Overstated reserves claims are "mainly in the OPEC countries." The world had used about 1.1 trillion barrels of liquids at year-end 2006. (See On the Likelihood of Peak Oil, ASPO-USA, May 30, 2007.) The world has produced about 25.3 billion barrels (all liquids) in 2007 so far. If Al-Husseini's proved reserves conjecture is correct, the world has now consumed well over 50% of its oil endowment as things stand right now, depending on the remaining reserves of natural gas liquids, and further assuming that the discoveries trend continues, and additions from unconventional sources (e.g. the tar sands) and biofuels will remain small. Al-Husseini told Strahan that he expects increasing oil prices to support the current production plateau for another 10 to 15 years, but beyond that, at a time when the world's oil fields will be severely depleted, it is hard to predict what will happen.
Al-Husseini thus predicts that the world may be able to produce as much oil as it does now in 2015, but the market-driven price for a barrel of that oil will be $166. But of course that will not be the actual price of a barrel of oil. The price is likely to be much higher than $166, even if the current plateau is sustained, due to numerous random variables affecting the oil supply in a volatile, tight market accompanying strong demand. That's what is happening now.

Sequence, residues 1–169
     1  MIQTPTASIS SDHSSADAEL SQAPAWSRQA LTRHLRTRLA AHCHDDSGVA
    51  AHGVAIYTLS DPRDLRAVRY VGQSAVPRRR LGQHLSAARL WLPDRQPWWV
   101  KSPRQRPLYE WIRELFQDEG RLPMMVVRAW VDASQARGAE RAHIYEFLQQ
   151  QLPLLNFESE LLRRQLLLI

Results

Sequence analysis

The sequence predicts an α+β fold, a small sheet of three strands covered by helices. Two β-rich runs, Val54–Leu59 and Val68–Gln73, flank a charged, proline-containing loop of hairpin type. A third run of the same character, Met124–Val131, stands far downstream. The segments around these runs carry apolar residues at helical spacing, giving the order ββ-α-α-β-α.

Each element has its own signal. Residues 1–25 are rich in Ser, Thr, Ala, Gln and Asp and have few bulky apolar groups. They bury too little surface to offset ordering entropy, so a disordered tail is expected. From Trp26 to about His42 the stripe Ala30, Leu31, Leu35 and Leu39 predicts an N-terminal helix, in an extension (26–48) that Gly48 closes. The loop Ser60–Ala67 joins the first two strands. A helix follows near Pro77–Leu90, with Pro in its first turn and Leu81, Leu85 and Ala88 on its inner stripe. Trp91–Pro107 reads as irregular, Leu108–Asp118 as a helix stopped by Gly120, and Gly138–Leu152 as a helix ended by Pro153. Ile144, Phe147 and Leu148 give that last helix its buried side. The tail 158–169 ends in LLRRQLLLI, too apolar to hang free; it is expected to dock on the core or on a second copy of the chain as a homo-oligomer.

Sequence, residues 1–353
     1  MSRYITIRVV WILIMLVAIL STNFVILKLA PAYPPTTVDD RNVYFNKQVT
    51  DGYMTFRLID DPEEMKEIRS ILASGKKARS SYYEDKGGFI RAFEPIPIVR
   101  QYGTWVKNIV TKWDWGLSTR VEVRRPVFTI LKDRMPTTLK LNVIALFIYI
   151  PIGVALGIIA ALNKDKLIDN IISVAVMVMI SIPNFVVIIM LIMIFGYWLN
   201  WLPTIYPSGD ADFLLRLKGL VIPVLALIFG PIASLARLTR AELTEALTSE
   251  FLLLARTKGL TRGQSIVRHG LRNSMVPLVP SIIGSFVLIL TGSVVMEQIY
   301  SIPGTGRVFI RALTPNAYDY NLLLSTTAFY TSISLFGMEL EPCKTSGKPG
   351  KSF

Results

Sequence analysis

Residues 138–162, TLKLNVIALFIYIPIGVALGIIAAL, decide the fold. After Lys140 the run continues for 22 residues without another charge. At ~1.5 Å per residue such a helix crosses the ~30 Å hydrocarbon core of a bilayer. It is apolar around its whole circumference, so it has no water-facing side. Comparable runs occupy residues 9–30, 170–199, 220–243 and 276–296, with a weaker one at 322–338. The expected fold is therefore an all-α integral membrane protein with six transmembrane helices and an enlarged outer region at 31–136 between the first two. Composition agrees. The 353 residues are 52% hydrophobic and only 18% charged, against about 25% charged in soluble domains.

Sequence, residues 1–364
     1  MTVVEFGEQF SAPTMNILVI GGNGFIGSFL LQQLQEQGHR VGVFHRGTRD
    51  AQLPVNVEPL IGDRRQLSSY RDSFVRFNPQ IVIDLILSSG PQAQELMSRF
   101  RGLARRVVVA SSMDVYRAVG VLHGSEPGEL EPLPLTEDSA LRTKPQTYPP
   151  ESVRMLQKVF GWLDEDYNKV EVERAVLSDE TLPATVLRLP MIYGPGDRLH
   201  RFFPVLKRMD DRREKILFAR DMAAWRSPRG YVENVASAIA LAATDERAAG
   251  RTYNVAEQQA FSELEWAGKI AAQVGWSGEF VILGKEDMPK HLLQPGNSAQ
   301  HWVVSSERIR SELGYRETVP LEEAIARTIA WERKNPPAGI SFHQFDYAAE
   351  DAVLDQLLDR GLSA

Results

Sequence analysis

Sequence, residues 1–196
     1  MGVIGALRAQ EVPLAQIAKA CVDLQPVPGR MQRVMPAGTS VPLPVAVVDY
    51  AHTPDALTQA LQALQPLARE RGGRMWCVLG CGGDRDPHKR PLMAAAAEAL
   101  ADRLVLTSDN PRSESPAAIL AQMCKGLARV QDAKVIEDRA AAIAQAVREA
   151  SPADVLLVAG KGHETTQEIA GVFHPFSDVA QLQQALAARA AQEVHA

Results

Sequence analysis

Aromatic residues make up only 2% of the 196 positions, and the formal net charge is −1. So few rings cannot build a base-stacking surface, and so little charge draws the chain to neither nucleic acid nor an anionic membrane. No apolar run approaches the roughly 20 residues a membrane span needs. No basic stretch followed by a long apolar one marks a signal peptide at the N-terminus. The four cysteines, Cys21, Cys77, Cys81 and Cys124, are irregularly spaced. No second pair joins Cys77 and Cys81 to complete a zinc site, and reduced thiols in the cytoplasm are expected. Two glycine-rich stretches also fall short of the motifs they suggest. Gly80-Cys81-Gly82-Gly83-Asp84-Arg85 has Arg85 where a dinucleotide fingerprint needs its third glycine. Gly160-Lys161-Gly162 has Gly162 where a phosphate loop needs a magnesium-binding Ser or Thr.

The real oil price will presumably surpass the 1980 high water mark well before 2015, assuming that the inflation rate does not outpace growth in the oil price. If it does, then rising capital costs in the oil industry will erode investment in new production capacity, further lowering the price elasticity of supply. (See Upstream Economics and the Future Oil Supply, ASPO-USA, August 8, 2007.) Tripling of the oil price since 2003 has not spurred greater production levels since 2004. Al-Husseini's assumption that steadily rising oil prices will work to keep production flat for 10 or 15 years may be overly optimistic.